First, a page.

Skylar McCaulley: Incoming student recovered from brain bleed to pursue his passion for medicine

Date: Tuesday, August 15, 2023

Skylar McCaulley has dreamed of being a physician since he was a child. Several members of his immediate family—his father, one sister, and one brother—live with Type 1 diabetes, and witnessing their health care experiences piqued his interest in medicine. 

Observing the impact that their disease had on our family has had an indelible impact on me,” he says. 

McCaulley shadowed his younger brother’s pediatric endocrinologist and was fascinated by the experience. In college at the University of Sioux Falls, he participated in research in an exercise science lab, studying the connection between diabetes, estrogen therapy, and physical activity. The research culminated in a publication in the Journal of Applied Physiology. He also co-founded an organization called the Pre-Professional Health Organization to help connect students interested in going into graduate school for health sciences with information about how to apply.   

Later when I worked as a nursing assistant in radiology, I got exposed to all different areas, and I found that I just liked everything,” he says. 

He was building the path toward his dream—but then, one day, everything changed. 

Skylar McCaulley stands in front of an award he received for his success in rehabilitation at Sanford Hospital.

On August 13, 2021, after a week of “debilitating headaches,” McCaulley visited an acute care center. He was sent to the ER, then admitted to the intensive care unit (ICU). Two days later, he was in a coma, which lasted for three weeks. He was 21 years old. 

When I woke up from the coma, I was unable to eat, drink, move, or speak,” McCaulley says. “I could answer questions by winking. A wink meant ‘yes,’ and my mom explained that if I stared at someone blankly, that meant ‘no.’ That was my only means of communication.” 

McCaulley had experienced a cerebellar arteriovenous malformation rupture. He was born with an area of blood vessels in his brain that were—by McCaulley’s description—a “tangled mess,” preventing blood from passing normally from the arteries to the veins in his brain. This caused pressure to build up in the area, bursting the venous walls and causing a sudden, traumatic bleed in his brain. 

He spent 51 days in the ICU before he moved to Madonna Rehabilitation Hospital in Lincoln, Nebraska, where he recuperated in inpatient care for 2 1/2 months. 

“By the end, I was able to eat and drink with difficulty, and I was slowly starting to move,” he says. “I was walking with a lot of assistance. When I left, I was in a wheelchair most of the time.” 

He left inpatient treatment that December and began a months-long journey of outpatient rehabilitation at Madonna and Sanford Hospital. Through speech therapy, occupational therapy, and physical therapy, he regained his functional independence. 

“I ended up taking a year off of school and graduated in May 2023,” he says. “I had a lot of people tell me that to experience something so extreme and have it only take one year is incredible.”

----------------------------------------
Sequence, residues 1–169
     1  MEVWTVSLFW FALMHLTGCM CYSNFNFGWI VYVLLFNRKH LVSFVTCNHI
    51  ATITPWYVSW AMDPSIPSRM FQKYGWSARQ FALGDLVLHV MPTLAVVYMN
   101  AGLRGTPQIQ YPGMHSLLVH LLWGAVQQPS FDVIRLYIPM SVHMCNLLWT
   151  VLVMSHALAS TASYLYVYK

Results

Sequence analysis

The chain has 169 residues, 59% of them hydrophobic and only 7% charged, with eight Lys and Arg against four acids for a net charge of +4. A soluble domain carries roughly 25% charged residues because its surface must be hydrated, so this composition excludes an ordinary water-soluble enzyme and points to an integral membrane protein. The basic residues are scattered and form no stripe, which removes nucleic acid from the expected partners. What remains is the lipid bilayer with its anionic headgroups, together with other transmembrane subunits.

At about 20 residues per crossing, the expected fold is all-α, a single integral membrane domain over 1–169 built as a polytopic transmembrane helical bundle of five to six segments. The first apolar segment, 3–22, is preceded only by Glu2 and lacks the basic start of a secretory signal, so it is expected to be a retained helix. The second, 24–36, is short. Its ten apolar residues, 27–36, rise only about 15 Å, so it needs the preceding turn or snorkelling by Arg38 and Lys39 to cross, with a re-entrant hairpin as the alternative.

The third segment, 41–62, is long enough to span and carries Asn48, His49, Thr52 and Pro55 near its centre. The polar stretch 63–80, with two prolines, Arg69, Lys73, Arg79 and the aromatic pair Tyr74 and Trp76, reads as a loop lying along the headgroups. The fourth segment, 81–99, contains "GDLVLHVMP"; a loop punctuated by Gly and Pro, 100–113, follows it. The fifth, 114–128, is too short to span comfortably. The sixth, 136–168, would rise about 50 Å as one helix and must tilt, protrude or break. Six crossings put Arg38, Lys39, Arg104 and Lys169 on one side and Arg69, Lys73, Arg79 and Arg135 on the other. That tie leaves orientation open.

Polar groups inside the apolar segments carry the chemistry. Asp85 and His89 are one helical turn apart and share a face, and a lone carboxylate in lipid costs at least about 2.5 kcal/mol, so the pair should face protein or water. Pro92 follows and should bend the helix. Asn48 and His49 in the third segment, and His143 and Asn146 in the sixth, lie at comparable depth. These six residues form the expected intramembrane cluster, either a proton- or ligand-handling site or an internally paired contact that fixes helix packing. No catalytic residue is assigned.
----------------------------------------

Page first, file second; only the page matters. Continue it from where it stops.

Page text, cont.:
August 14, 2023, was McCaulley's first day of medical school classes—and the two-year anniversary of his hospitalization. 

“I’ve always been someone who, when I set my mind on something, I want to get it done,” he says. “I decided I wanted to complete medical school. It’s my dream, and I’m prepared to do it.” 

Though the brain bleed wasn’t his original motivation for pursuing medicine, it has renewed his commitment to becoming a physician and informed his approach to his medical education. 

Having the experience of being the patient and celebrating small joys, like being able to eat something or take a sip of water, is going to help me be more empathetic and caring for the patients I treat in the future.

It’s hard to articulate just how grateful and blessed I feel to have an opportunity to attend an amazing institution like Iowa and study medicine, and to be at this point of my recovery,” he says. “Having the experience of being the patient and celebrating small joys, like being able to eat something or take a sip of water, is going to help me be more empathetic and caring for the patients I treat in the future.” 

During his year-long recovery, he worked with internists, neurologists, hospitalists, radiologists, intensivists, and speech, occupational, and physical therapists, to name a few. The varied interprofessional care that he received has grown his interest in a number of medical specialties for his own future career. Though he is more interested in neurology than he was prior to the brain bleed, he still finds himself drawn to endocrinology and caring for patients like his father and siblings someday. 

As for his future at the College of Medicine, he looks forward to getting involved with the community at the college.   

“I was excited about being around a community of such exceptionally nice people,” McCaulley says. “It stood out to me of all the places I went how kind the people at the University of Iowa are.” 

Most of all, he’s looking forward to the academic challenge that medical school will bring. 

“I’m someone who really likes challenges," he says.